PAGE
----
Photo from F-stop incl. a big white lens… not like mine
I really like the concept of the F-Stop camera bags. Especially their way of letting you get at the equipment without having to put the back facing part of the backpack down onto the ground with the unpleasant possibility of having soil and mud transferred to your back. I therefore checked out the inserts - the so called ICUs (internal camera units) to see if I could fit my preferred travel photo kit; 2 "gripped" DSLRs, chargers, 200-400/4, 1.4 TC, 70-200/2.8, 50/1.4, 14-24/2.8, 105/2.8 macro, 10.5/2.8 (or 16/2.8) plus 1 flash with off-camera cable and a pair of 10*32 binoculars into the largest one available: the XL Pro ICU. Unfortunately it was not possible.
Seeing that the formerly available Monster ICU might re-appear at the norwegian store fotobag.no, I got my hopes up. It is a big hazzle ordering stuff from Norway to Denmark however so while being in the US, I contacted F-stop gear to ask if the monster was indeed re-appearing. At first I got the answer from the kind Steve Sweet that it was not to re-appear. This was a big disappointment. Also, he said that they believed the XL was a better fit for the Satori EXP backpack with which I intended to use it. When I said the XL was not large enough for me, and mentioned that I had seen one of the sponsored photographers showing a Monster off at F-stops own site… Steve kindly offered to sell me a Monster from a left over stock in St. Louis.
I took the chance and ordered one via a paypal transfer and in addition a Satori EXP and a pair of short and long gatekeeper straps from the webshop. After a few days, everything arrived to my temporary hideout in Texas and I was eager to test them. The Monster ICU completely fills the main compartment of the backpack but a 15" laptop can still be squeezed down into its sleeve. Now would all the gear fit into the Monster? I actually don't have all the mentioned gear with me on this trip as some of it has been shipped to Greenland for the summer. I think it will fit - but just - with a lot of packing effort.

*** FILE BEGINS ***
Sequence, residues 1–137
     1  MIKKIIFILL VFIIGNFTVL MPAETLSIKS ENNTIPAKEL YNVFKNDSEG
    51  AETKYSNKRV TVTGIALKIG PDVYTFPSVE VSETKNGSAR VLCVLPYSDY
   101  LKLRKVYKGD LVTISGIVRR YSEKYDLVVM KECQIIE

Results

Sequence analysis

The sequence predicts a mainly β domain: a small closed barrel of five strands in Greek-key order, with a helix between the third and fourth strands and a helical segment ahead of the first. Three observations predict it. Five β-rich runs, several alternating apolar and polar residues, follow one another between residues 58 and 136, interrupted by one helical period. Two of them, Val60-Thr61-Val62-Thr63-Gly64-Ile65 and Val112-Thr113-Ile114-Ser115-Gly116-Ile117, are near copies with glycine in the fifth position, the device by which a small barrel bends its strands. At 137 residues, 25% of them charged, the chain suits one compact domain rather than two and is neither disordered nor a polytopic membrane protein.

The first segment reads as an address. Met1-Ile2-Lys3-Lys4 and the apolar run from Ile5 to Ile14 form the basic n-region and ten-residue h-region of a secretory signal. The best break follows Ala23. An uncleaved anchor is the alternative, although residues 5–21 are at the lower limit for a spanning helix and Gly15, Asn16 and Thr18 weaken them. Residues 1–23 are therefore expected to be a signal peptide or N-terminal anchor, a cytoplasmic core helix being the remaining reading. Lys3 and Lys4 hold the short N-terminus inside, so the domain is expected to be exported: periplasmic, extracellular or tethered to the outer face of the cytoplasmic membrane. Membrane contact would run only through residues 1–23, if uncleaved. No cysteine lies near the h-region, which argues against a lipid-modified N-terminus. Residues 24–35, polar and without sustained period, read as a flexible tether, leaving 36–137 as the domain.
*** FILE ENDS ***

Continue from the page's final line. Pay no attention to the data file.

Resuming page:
Another important consideration in addition to capacity is how comfortable the bag is to carry. With a reduced load, I did some hours of hiking in varied terrain yesterday. I found the bag quite comfortable despite not having a proper waist belt - a compromise of having the opening facing the carrier's back. I guess the perfect bag does not exist! The Monster ICU is 1" deeper that the XL Pro ICU and this is actually 1" deeper than needed for the DSLRs and 200-400/4 and more suitable for a 600/4 or 400/2.8. I will likely use this added deepness to stack items. Spare batteries or chargers for instance can be stored under lenses.
One weird thing is that the dividers in the Monster are not as deep as the ICU it self. This can cause items to shift around inside a closed bag if the velcro provided elastic fasteners are not used. Something that will surely slow you down. Also, the zipper opening of the back is smaller than that of the Monster which is again smaller than the Monster itself. Again something that makes it slower to get at items stored at the top of the Monster. However, the top of the Monster itself can be zipped open to allow access into the ICU via the top opening of the backpack. I may be able to utilize this if carrying the ICU in a big hiking backpack. This way the 200/400/4 with attached DSLR can be swiftly "drawn" from the pack while still being carried very protected.
All in all, I have been quite pleased with the combination. I will do some rough field testing in May in Greenland, so stay tuned for further field notes.